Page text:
In 2016, about 2.9 million registered nurses were employed nationwide. Most RNs work at hospitals, with 58 percent of these specialists employed in these facilities. Nearly 7 percent of RNs work in doctors’ offices, 6 percent at home healthcare companies, 6 percent at nursing care facilities (skilled nursing facilities), and 3 percent at outpatient care centers. The rest are employed by government agencies, educational institutions, and social service agencies.
Job Outlook for Nurses
Overall registered nursing job opportunities are projected to be good, but job opportunities differ by geographic location and healthcare organization. Some healthcare organizations struggle to recruit and retain enough RNs to meet organizational needs. Job growth for RNs is projected to increase quicker than average projected growth in other professions. In fact, it’s estimated that 438,100 new RN jobs will be created between 2016-26. Likewise, hundreds of thousands of positions will become open as current RNs begin to retire in large numbers.
Industry Employment and Job Growth
RN employment happens in multiple industries. The following industries employ the largest amount of registered nurses.
|General medical and surgical hospitals||1,649,480|
|Offices of physicians||196,540|
|Home health care services||179,280|
|Nursing care facilities||157,530|
|Outpatient care centers||128,180|
Job growth for registered nurses is projected to increase by 15% through 2026, much faster than average projected growth in other professions. Growth will be spurred by technological changes and improved patient care procedures, making it possible for more medical conditions to be treated, and increased focus placed on preventive care. Additionally, more elderly people will require medical care, increasing the need for RNs nationwide.
Employment is projected to grow slower at hospitals, the biggest healthcare facilities, than at other medical clinics. While nursing care will continue to be in demand at hospitals, requiring additional nurses to meet demand, patients receiving inpatient care (patients housed at hospitals for multiple days) is projected to decrease. Patients are staying for shorter periods of time and more outpatient treatments are being administered within hospitals and other medical clinics. Rapid job growth is projected at hospital outpatient clinics, including those offering rehabilitation, chemotherapy, and same-day surgery services.
More advanced procedures, previously performed exclusively at hospitals, are now being offered at doctors’ offices and outpatient care facilities, such as emergency and surgical centers. As a result, job growth is projected to increase quicker in these facilities as demand for healthcare increases.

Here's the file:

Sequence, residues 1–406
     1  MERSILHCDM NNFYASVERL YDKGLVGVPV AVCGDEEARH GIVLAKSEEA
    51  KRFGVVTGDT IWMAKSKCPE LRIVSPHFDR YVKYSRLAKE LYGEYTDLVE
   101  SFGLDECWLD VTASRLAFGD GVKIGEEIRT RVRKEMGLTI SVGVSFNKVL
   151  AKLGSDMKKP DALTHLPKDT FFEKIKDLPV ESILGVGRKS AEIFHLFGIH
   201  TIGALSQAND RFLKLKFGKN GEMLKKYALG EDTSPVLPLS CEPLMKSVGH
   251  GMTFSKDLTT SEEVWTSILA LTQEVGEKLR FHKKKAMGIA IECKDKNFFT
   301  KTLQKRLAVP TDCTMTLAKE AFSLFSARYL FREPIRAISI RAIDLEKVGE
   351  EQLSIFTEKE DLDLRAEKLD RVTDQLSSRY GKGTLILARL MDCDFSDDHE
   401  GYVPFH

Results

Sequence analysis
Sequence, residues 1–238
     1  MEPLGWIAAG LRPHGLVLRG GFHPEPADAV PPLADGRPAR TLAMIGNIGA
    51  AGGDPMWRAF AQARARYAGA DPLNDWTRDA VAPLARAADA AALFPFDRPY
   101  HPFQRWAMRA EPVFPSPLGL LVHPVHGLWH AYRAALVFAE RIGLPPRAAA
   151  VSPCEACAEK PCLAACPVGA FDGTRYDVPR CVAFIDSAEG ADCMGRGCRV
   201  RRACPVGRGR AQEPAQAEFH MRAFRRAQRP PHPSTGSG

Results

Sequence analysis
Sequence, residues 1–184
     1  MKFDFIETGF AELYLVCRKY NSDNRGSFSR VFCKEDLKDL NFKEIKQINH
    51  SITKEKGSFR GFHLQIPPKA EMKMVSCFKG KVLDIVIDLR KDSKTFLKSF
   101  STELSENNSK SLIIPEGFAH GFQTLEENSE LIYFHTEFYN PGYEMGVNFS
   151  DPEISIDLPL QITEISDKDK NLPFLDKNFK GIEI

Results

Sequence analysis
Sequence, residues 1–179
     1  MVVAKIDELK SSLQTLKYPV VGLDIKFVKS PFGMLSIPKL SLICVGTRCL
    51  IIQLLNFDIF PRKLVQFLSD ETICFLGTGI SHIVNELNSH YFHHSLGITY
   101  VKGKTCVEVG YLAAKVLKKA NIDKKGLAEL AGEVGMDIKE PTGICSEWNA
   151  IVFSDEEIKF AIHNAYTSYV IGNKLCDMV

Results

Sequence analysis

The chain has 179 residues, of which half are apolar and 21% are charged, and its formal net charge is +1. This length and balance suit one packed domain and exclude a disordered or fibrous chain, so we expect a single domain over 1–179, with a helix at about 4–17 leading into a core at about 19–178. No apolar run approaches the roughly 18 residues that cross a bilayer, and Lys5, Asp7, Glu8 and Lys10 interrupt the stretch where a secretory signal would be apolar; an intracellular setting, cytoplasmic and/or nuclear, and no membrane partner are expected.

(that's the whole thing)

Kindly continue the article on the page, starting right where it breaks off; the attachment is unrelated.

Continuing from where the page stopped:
Job growth at nursing care facilities is projected to increase as the population continues to age and rely on long-term assistance. Many elderly individuals prefer to receive care at residential care centers or their homes, spurring demand for RNs within these settings. The need to cut costs has motivated many hospitals to discharge patients quickly, which is spurring demand for RNs within the assisted living, residential care, and home healthcare clinics. Job growth is also projected within units where long-term care and rehabilitation for Alzheimer’s, head injury, and stroke victims are provided.
Job growth at home healthcare providers is projected to increase as more elderly patients receive home care, consumers opt to receive treatment at home, and technology changes enable care providers to provide more complex treatments at patients’ homes. This care will have to be provided by RNs capable of providing complex treatments.
Overall job prospects for RNs are projected to be excellent in the near future. Many healthcare organizations in certain regions of the country struggle recruiting and retaining enough RNs to meet their demands since many nurses are retiring and not enough trained nurses are available to fill vacant positions. Qualified individuals applying to nursing schools are being rejected because of faculty shortages nationwide. Demand for nursing instructors will increase as many teachers get closer to retirement.
Despite slower job growth at hospitals, job prospects are still expected to be good because of high nursing turnover within hospitals. To recruit and retain skilled nurses, hospitals are offering flexible work schedules, tuition reimbursement, and signing bonuses.
Although faster job growth is expected at doctors’ offices and outpatient care facilities, RNs will probably experience greater competition for jobs at these facilities since they typically offer normal working hours and more comfortable work settings. Typically, RNs with bachelor’s and graduate degrees have better job opportunities than their colleagues without them. Likewise, nurse anesthetists, midwives, practitioners, and specialties will be in demand, especially within rural areas and inner cities with few available medical services. RNs specializing in these fields typically provide medical care at lower prices than physicians.